A huge, beautiful old Transatlantic ocean liner has appeared in Dubai’s Port Rashid and it’s certainly turning heads. Not that we don’t see cruise ships here – we see lots of those. But this one is the queen of all cruise ships – the QE2. It is now a HOTEL parked permanently on the Dubai shore. You can see it from Al Mina Road, past the Etihad Museum – its white hulk pulled up to the shoreline and its distinctive red and black funnel rising above.
But what is it doing here? Great question. There is no real nexus between Dubai and the QE2, not really. It may have sailed here before, but never regularly and Dubai was never a common stop on its routes. But here in Dubai we love the extraordinary, the different, and the interesting, and the QE2 is all of those things. So when the QE2 was put out of commission, Dubai Ports purchased the vessel and brought it to Dubai. But that was in 2008, the start of the global real estate crash, and so plans were put on hold and the fate of the QE2 was up in the air for a good number of years. In the meantime, there it sat in Dubai. Waiting.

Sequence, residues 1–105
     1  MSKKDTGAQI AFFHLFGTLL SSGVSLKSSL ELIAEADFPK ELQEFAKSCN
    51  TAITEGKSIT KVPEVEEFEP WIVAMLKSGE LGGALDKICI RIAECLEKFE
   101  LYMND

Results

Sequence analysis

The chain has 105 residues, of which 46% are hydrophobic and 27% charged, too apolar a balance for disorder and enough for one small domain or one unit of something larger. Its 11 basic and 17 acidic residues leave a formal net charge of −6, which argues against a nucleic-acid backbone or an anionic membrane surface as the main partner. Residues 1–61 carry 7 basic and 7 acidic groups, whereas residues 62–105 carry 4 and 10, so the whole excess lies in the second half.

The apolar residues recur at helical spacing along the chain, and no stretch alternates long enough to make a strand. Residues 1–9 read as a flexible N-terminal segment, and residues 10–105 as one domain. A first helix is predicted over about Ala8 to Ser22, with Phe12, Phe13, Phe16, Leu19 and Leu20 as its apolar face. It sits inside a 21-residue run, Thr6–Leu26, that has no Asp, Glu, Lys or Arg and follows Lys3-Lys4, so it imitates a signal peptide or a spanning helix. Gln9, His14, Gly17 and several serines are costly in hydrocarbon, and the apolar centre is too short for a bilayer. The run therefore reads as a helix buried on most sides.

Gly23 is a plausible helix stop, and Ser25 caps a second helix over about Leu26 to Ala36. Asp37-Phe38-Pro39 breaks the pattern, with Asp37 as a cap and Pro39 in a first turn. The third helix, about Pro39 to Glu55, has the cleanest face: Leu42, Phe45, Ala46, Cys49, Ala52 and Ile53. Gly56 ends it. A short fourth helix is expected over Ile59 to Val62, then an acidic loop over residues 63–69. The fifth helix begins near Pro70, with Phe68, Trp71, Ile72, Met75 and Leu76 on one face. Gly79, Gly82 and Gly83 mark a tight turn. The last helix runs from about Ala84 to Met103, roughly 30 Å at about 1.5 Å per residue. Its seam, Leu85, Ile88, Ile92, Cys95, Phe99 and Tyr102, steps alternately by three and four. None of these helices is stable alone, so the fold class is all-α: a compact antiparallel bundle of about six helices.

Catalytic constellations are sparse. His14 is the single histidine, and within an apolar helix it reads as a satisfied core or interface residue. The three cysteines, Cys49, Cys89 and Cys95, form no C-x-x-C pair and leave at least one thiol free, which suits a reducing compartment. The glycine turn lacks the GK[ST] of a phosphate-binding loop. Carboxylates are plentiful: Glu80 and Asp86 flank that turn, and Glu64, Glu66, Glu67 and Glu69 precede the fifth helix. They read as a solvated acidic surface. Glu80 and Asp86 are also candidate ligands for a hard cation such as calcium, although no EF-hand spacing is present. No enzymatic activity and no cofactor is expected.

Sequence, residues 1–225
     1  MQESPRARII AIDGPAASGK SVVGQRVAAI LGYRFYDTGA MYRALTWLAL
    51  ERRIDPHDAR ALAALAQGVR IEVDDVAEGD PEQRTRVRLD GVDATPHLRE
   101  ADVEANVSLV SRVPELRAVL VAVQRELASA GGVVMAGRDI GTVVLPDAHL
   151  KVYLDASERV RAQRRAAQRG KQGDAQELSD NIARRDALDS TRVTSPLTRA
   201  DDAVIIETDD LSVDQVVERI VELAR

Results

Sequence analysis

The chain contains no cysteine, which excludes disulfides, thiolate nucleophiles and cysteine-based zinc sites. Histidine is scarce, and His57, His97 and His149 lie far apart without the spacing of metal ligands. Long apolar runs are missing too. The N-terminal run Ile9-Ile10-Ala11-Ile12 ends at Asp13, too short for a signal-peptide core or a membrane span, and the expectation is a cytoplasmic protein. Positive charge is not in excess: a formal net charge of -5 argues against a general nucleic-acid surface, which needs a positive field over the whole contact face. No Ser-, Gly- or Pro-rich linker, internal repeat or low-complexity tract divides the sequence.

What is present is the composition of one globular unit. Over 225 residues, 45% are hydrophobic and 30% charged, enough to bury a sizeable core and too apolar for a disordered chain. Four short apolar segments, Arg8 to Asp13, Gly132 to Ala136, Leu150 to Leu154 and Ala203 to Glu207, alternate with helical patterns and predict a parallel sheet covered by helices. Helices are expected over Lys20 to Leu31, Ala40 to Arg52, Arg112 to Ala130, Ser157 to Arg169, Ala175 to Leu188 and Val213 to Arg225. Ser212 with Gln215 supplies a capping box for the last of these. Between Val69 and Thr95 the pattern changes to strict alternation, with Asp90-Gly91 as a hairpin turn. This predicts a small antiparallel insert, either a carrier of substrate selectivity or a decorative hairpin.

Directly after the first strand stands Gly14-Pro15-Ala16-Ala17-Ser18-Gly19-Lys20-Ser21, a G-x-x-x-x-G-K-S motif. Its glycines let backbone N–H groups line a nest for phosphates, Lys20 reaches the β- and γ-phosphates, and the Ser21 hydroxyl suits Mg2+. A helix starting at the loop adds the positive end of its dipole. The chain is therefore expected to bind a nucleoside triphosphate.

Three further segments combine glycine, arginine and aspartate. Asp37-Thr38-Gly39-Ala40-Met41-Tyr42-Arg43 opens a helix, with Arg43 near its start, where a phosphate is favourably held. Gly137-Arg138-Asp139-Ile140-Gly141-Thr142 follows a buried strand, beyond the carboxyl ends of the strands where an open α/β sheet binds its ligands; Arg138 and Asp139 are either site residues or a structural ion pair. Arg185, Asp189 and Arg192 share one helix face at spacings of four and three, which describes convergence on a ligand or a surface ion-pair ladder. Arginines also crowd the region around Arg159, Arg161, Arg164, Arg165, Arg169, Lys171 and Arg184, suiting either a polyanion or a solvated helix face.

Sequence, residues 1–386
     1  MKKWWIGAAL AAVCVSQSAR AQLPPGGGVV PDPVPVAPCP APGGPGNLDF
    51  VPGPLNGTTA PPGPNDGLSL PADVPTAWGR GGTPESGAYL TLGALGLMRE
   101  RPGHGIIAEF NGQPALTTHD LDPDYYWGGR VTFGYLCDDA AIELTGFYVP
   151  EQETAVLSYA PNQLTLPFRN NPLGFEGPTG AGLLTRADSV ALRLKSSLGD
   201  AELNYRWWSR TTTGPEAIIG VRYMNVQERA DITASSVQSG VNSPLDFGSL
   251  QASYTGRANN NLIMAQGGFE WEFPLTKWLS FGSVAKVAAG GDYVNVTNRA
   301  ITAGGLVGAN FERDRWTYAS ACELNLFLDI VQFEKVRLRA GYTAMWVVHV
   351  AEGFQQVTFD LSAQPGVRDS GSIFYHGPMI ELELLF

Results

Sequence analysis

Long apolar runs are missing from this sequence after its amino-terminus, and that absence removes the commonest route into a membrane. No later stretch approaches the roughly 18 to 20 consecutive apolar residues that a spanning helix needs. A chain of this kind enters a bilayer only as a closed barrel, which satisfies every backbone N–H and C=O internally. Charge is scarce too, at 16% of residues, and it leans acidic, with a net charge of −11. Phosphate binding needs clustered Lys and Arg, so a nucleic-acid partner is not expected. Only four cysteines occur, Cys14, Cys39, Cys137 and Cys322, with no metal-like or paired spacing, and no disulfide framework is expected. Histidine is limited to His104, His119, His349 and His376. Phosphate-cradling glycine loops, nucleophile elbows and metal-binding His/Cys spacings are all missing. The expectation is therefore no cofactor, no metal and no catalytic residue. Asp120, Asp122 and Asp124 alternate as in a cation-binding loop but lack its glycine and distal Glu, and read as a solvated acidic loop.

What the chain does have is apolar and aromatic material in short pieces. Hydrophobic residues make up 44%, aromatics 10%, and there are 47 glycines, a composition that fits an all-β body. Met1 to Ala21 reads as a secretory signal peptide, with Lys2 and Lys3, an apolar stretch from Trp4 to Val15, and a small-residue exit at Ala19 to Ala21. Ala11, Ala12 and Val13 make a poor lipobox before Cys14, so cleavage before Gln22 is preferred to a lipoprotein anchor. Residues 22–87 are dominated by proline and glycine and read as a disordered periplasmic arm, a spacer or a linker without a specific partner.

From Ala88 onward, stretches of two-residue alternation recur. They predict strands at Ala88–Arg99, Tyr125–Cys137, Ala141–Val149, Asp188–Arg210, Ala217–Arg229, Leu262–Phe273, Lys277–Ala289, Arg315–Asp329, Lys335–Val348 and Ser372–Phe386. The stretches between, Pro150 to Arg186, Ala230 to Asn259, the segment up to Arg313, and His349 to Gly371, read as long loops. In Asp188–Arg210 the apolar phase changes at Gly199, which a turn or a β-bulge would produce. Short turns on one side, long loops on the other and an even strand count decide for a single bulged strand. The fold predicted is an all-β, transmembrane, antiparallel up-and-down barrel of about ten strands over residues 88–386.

At one time, there was a plan to move it to the waterfront in Cape Town, South Africa, but that did not work out. Many were worried for a time that the boat would end up in the scrap heap. But then in 2015 DP announced that the QE2 WOULD be restored and would be reopened. Three years later, it has happened.
My husband and I decided to check it out for his birthday – we were seeking something new in Dubai that we hadn’t done, and the Queen seemed to be just the ticket. So I made a reservation in the Queen’s Grill, which is the fanciest of the restaurants that are currently open. When I called, they offered me a deal I couldn’t refuse – for an extra 260 dirhams (about $70) we could stay overnight and have breakfast the next morning.